The Calgary Flames were a team with some problems in 2017-18. A lot of words were written – both here and elsewhere – about the team’s shortcomings this past season. We’ve dug into some of the numbers regarding the team’s performance in particular game situations, trying to look at whether or not the team truly did “crumble” or collapse in specific situations.
The Flames had a negative goal differential in every major game situation; leading, trailing and when the games were tied. Based on the numbers we’ve dug up, the Flames are a team that battled hard in close games, but seemed to fall off big-time when the games began to get away from them. This is very similar to a phenomenon they experienced in the first half of Glen Gulutzan’s first year behind the bench: the Flames were a team that were constantly chasing (and usually failing) to score the big “next goal” in any game.
The Flames: often chasing
This probably won’t shock anybody, but the Flames trailed in games more often than they had the lead. The other team scored first 48 times, but the Flames ended up coming back to win 15 of those games. Overall, the Flames never had the lead in 24 of their 45 regulation and overtime losses this season – including 10 times through March and April.
The interesting thing is how the Flames seemed to respond when in a trailing situation.
- The Flames went from a tied game situation to down a goal 90 times across all game situations. Their response was functionally 50/50; 46 times they scored to tie it up and 44 times they allowed another goal to go down two goals. The other few times they ended up losing by one goal. The team’s most frequent goal-scorers when down a goal – the players who most reliable tied the game up – were Dougie Hamilton and Matthew Tkachuk, with 7 each.
- The Flames went from another game state to down two goals 50 times. They battled back to tie the game 7 times and scored a goal but didn’t tie another 9 times – so 17 of 50 times they responded with a goal. They didn’t allow any further goals and lost by two 7 times, and they allowed more goals and lost by more than two 27 times. Essentially, they responded 16 times and didn’t respond 34 times. (That’s bad.)
For those of you curious about the impact of the power play, the Flames’ power play scored 16 times when trailing – including 10 goals that tied the game up – while allowing three short-handed goals that expanded their deficit.
|Down by 1||630:34||54.0%||9.55%||90.3%|
|Down by 2+||625:12||61.3%||5.88%||90.8%|
(All numbers are via Natural Stat Trick; game state is 5-v-5.)
Compared to all other game situations, the Flames’ goaltending was the shoddiest when down by one goal. But the team’s shooting percentage is the best when down by one goal. These circumstances explain the 50/50 break the Flames seem when they’re down a goal. But their shooting percentages utterly deflate when they’re down by two goals. The data seems to support the “when the Flames get down, they crumble” narrative – the team giving up multiple goals in rapid succession in March and April wasn’t that much of an aberration based on the data.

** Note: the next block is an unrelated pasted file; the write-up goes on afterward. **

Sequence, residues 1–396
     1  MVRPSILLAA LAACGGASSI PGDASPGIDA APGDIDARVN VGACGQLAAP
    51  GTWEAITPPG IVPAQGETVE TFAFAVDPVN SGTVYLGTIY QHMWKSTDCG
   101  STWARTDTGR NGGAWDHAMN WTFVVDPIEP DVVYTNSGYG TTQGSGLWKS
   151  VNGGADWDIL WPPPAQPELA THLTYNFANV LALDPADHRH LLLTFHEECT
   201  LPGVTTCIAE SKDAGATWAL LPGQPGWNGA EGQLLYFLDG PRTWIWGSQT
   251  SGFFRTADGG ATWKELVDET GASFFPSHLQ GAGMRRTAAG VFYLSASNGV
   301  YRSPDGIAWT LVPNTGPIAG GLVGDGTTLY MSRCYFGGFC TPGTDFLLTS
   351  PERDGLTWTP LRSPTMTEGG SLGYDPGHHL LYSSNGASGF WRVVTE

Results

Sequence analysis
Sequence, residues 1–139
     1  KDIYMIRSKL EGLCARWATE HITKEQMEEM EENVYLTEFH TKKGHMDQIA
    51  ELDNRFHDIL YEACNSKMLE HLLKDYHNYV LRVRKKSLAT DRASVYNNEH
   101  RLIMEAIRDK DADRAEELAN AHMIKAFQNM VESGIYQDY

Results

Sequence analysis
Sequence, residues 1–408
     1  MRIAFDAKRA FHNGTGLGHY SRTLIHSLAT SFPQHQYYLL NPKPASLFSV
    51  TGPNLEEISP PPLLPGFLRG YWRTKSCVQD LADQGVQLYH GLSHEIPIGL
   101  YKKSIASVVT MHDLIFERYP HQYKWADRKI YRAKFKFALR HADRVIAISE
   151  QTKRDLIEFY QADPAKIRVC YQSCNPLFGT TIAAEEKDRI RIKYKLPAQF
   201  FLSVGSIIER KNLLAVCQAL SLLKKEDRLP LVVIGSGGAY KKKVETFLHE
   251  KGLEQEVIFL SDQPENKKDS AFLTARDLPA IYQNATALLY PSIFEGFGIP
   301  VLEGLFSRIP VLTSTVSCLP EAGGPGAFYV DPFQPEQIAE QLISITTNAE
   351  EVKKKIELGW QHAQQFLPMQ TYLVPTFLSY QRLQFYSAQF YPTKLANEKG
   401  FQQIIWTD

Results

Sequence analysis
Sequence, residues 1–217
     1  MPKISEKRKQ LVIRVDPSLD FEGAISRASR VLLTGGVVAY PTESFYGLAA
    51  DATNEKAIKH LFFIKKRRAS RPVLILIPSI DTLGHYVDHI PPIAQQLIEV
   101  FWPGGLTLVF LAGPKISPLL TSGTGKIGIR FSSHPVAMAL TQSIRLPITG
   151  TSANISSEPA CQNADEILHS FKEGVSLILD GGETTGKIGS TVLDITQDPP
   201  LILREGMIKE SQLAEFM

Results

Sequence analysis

Mixed results with holding leads
The Flames scored the first goal 34 times and ended up winning 22 of those games. They never trailed in 20 of their 37 wins, but that only happened four times through March and April.
But again, the Flames reacted a little bit differently when they were up by one than in other lead-holding situations:
- The Flames blew a one goal lead 43 times by allowing the other team to score. They expanded their lead 32 times. The most frequent goal-scorers when up one goal were Sean Monahan (7) and Mikael Backlund (6).
- When up by two goals, they allowed an opposing goal 26 times and expanded their lead 31 times.
The Flames’ penalty kill allowed 11 opposition power play goals when they had a lead – six of them tied the game – and scored two short-handed goals to expand the team’s lead.
Here’s another summary table of the team’s situational stats.
|Up by 1||604:15||48.8%||6.12%||90.7%|
|Up by 2+||430:03||50.1%||8.40%||92.9%|
They were better at everything when leading by two goals or more, perhaps because they were just playing hockey and not pressing too hard to score a goal (or two, or three…).
Sum it up
The Flames had challenges scoring when: down by 2+, tied , and up by 1. They had challenges making saves when: down by 1, down by 2+ and up by 1. The save-making challenges could speak to the Flames cheating a bit defensively and giving up higher-quality chances when down in an effort to get back into the game. Their challenges scoring when tied or up a goal may be some combination of systemic issues, players pressing too hard, and plain ol’ bad puck luck.